TAG: Biofuels

Polluting The Seas


If you have ever walked by a sea harbour, you may have noticed a few organisms attached to a docked large ship by the waterline. These attachments may be telling of a worse situation that lies beneath the water than the naked eye can sea. These attachments consist of micro-organism, plants, algae, molluscs and other marine organisms, and such attachment is known as biofouling. Biofouling is not a new phenomenon, it can occur on all marine vessels if appropriate anti- fouling measures are not taken. Environmental scientists have long stated that biofouling provides transportation of non-indigenous species of aquatic plant… read more

Energy from Algae

Algae Energy

An increasingly energy thirsty world craves transportation fuels, lucrative oils to run factories, and energy to supply the astounding amount of electronic devices that are proliferating. There is a great need for a new sustainable energy resource.  Algae can contain high levels of oils, carbohydrates, sugars and proteins, and can be used to produce renewable fuel, animal feed, and human food. Algae is used to run electricity to homes in Arizona and shows great possibility for a future in biodiesel. Heterotrophic microalgae are grown in large fermenters using sugar or starch, similar to the corn ethanol fermentation already providing almost 10… read more

Harnessing Waste to Generate Renewables


Despite the widespread notion that we have inadequate means to support our energy consumption, the US actually has enough from wind, solar, and tidal & wave to produce a total of approximately 6,987 terawatts of power per year. That’s far beyond the 3.9 terawatts the country currently uses. However, much of this prospective energy goes unharvested. Still, we are coming closer to attaining free energy, and the move to renewable energy has opened up a lot of room for experimentation and discovery. Beyond utilizing sources that harbor seemingly infinite promise, we are finding ways to deplete existing waste by converting… read more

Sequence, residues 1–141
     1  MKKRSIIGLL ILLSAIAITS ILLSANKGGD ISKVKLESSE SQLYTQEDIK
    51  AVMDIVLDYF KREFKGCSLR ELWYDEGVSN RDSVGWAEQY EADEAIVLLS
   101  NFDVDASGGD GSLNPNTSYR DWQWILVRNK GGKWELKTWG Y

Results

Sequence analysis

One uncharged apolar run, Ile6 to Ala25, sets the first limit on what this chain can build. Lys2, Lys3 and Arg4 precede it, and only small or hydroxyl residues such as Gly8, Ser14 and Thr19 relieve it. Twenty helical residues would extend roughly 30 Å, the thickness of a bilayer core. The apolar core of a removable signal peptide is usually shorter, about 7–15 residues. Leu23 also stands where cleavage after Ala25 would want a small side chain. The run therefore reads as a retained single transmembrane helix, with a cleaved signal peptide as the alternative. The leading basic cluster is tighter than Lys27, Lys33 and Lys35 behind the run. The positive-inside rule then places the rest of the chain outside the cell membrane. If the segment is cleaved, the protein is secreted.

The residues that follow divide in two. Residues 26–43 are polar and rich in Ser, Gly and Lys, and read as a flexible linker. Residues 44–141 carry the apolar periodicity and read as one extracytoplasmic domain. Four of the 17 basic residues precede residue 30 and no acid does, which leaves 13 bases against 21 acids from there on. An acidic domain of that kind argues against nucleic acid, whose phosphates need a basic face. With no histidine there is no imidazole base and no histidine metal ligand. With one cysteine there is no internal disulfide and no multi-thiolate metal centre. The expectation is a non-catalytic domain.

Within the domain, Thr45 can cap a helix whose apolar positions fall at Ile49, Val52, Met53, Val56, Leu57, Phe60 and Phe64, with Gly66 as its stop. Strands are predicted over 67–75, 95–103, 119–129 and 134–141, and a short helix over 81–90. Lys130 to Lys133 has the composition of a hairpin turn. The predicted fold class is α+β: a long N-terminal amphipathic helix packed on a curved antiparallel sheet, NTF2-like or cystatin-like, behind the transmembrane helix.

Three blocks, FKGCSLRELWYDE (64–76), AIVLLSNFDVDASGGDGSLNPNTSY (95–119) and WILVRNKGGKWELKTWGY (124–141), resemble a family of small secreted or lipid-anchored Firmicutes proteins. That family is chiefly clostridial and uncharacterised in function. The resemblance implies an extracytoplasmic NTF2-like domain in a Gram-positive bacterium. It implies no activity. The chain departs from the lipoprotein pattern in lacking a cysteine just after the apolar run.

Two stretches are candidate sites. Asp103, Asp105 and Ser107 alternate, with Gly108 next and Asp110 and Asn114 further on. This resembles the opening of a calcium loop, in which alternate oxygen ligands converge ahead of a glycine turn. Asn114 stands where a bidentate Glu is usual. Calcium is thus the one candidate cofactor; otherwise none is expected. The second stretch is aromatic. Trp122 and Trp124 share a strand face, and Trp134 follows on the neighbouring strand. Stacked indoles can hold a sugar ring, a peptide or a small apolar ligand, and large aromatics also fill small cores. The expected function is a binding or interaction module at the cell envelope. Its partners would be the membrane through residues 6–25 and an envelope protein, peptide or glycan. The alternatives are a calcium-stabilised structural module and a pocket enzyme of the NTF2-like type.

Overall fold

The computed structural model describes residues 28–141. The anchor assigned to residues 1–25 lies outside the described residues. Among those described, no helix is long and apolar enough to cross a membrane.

Biofuel to Power 1/3 of Cars in Sweden by 2030

Natural forests

As part of an investigation into how the country of Sweden can wean their fuel needs for transportation away from fossil fuels, a study found that it would be possible to power one out of every three cars by biofuel made within the country. Researchers submitted a study, The Production of Today’s and Future Sustainable Biofuels, to the government investigation outlining their discovery that the country could increase its biofuel production to as much as 25-35 terawatt hours (TWh) annually, using mainly the residue left from forestry projects or agricultural waste. The current biofuel production level in Sweden has been… read more

Electrofuels Bacteria Eat Electrons, Poop Gasoline

Electrofuels Bacteria Eat Electrons, Poop Gasoline

A new method of producing liquid fuels for transportation uses microbes that feed on carbon dioxide and electricity to produce a “drop-in” gasoline substitute. As part of the U.S. Department of Energy’s Advanced Research Projects Agency-Energy (ARPA-E) Electrofuels program, researchers have developed a method for using these microorganisms to create transportation fuels that could be over 10 times more efficient than the prevailing methods of biofuel production. “Electrofuels bypass photosynthesis altogether by utilizing microorganisms that are self-reliant and don’t need solar energy to grow or produce biofuels. These microorganisms can directly use energy from electricity and chemical compounds like hydrogen… read more